Efforts to use existing trade agreements to build a larger regional agreement face many challenges. This book considers this problem with reference to ASEAN’s current agreements with key partners and the interest to build the Regional Comprehensive Economic Partnership (RCEP). The analysis of the options is framed by a focus on the use of supply chains in international business. Issues considered include those related to reductions in tariffs, trade facilitation, the treatment of investment and of services and the definition of rules of origin. The work is informed by case studies of supply chains in automobile and electronics, and in a professional service sector. The book provides a set of priority actions for better progress in taking a bottom-up approach to building RCEP.
Table of Contents
1. Overview, Christopher Findlay 2. Production Network Trade of ASEAN in the Context of China’s Rise, Nobuaki Yamashita 3. Trade Facilitation in ASEAN+6 Economies: Provisions in FTAs, Performance and the Way Forward, Marie Isabelle Pellan and Marn-Heong Wong 4. FDI Liberalisation, Free Trade Agreements and Greater Regionalism in Asia and ASEAN, Shandre M. Thangavelu, Christopher Findlay and Hank Lim 5. Services in ASEAN+1 FTAs, Hikari Ishido 6. Pursuing a Consolidated Tariff Structure in the RCEP: Sensitivity and Inconsistency in ASEAN’s Trade Protection, Arata Kuno, Yoshifumi Fukunaga and Fukunari Kimura 7. Rules of Origin in ASEAN+1 Free Trade Agreements and the Supply Chain in East Asia, Erlinda M. Medalla and Maureen Ane D. Rosellon 8. ASEAN+1 FTAs and the Global Supply Chain in East Asia: The Case of the Philippine Automotive and Electronics Sectors, Maureen Ane D. Rosellon and Erlinda M. Medalla 9. FTAs and Supply Chains in the Thai Automotive Industry, Archanun Kohpaiboon 10. The Electronics Industry in Malaysia, Rasyad A. Parinduri and Shandre M. Thangavelu 11. The Electronics Industry in Indonesia, Rina Oktaviani and Eka Puspitawati 12. Regulatory Restrictions in Logistics Services of ASEAN+6 Economies, Marn-Heong Wong and Claire H. Hollweg 13. The Nature of Relationships within Supply Networks and Their Role in the Delivery of Services in East Asian Emerging Markets, Susan Freeman, Hung Trong Hoang and Wahid Murad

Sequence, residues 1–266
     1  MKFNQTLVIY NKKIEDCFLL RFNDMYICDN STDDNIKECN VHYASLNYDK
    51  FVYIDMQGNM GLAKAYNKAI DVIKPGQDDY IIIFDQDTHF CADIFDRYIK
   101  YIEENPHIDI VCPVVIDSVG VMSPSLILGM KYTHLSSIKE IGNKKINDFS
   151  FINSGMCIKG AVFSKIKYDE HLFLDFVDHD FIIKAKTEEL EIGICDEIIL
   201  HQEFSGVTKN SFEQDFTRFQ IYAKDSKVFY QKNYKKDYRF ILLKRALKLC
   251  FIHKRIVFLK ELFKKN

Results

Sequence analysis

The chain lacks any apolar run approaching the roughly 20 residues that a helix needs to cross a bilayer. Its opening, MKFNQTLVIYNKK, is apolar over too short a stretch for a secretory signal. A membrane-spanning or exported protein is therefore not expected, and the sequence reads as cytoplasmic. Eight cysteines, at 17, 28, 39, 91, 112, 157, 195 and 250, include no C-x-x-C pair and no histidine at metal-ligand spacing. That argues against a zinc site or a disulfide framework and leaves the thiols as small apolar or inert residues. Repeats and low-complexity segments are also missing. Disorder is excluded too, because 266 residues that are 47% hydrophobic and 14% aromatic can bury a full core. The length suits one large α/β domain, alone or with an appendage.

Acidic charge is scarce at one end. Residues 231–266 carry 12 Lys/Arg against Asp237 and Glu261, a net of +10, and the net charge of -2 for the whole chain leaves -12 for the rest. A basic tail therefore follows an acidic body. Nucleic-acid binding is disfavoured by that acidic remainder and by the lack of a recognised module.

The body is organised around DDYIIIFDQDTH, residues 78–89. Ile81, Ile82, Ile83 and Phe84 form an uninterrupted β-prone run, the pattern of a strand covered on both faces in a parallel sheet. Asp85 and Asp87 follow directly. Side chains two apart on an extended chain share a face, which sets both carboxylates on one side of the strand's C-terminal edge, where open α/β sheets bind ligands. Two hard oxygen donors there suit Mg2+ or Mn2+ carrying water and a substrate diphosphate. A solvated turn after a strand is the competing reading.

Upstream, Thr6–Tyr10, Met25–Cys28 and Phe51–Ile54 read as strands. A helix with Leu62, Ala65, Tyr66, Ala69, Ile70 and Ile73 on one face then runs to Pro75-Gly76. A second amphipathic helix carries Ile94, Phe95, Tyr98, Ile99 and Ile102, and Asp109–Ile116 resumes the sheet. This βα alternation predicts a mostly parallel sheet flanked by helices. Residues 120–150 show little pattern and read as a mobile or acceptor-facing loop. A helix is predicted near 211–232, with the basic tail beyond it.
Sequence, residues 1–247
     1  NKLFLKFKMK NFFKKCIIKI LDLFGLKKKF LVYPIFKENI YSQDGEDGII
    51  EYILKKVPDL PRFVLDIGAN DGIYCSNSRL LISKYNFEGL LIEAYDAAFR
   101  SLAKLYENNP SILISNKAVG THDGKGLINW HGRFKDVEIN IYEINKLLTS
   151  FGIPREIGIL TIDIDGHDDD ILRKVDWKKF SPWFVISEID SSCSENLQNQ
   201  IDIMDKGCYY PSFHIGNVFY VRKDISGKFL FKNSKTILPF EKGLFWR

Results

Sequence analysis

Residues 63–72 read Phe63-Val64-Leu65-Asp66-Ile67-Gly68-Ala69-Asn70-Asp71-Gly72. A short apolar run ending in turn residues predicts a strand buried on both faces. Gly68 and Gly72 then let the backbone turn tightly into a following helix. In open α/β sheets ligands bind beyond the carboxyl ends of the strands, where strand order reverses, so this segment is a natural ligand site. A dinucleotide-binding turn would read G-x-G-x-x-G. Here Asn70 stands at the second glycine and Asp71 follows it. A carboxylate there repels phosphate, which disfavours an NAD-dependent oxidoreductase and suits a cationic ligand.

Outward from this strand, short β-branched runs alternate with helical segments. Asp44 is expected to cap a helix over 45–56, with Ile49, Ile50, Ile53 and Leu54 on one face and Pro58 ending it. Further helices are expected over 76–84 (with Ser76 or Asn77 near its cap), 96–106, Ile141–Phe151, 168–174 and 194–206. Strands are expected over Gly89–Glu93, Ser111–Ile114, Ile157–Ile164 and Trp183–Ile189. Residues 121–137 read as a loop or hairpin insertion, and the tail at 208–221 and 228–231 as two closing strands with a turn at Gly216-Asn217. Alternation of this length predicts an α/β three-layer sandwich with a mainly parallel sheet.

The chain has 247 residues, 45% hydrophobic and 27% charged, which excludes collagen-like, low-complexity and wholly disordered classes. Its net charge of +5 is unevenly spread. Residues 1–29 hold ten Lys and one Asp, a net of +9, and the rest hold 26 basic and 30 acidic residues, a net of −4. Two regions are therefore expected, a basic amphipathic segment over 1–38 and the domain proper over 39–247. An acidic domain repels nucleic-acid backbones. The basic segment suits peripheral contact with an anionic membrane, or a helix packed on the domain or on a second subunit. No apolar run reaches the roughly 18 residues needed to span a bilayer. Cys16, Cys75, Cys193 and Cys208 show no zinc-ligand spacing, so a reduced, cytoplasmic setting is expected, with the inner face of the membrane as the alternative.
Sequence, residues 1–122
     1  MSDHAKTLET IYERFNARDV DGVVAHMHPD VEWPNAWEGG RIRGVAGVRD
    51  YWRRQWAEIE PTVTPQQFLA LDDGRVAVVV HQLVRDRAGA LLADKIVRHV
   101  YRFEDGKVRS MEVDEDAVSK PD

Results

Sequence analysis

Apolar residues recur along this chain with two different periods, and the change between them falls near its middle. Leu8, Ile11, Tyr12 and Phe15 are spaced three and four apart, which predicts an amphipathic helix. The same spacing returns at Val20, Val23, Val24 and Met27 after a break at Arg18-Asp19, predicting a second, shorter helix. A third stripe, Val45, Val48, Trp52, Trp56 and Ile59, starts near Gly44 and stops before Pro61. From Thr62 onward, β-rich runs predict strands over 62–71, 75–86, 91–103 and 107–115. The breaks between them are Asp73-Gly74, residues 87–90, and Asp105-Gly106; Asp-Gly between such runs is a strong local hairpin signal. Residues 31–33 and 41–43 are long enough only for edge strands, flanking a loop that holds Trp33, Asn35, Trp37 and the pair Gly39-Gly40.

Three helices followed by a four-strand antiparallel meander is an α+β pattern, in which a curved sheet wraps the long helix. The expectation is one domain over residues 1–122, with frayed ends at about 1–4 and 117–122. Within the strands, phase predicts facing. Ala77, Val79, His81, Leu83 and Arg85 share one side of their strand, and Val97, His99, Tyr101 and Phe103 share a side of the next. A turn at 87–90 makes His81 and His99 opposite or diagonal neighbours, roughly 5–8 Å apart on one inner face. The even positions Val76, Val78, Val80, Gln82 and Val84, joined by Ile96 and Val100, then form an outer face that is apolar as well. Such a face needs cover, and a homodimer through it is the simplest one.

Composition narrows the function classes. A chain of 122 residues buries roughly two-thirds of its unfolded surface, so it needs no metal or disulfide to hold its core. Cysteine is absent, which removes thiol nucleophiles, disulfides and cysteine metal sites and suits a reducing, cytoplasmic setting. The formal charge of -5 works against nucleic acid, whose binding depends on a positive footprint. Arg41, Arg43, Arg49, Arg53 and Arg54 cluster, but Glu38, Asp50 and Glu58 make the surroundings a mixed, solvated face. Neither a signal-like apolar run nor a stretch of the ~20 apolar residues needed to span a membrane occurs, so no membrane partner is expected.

Christopher Findlay took up the position of Executive Dean of the Faculty of the Professions at the University of Adelaide in June 2011. Professor Findlay is also currently vice-chair of the Australian Committee for Pacific Economic Cooperation (AUSPECC). Previously he was professor of economics and head of school at the University of Adelaide. Professor Findlay has a PhD and MEc from the ANU and an honours degree in economics from the University of Adelaide. He became a member of the Academy of the Social Sciences in Australia in 2002 and a member of the General Division of the Order of Australia (AM) in 2007. Australia’s economic relations with Asia is the theme of his research.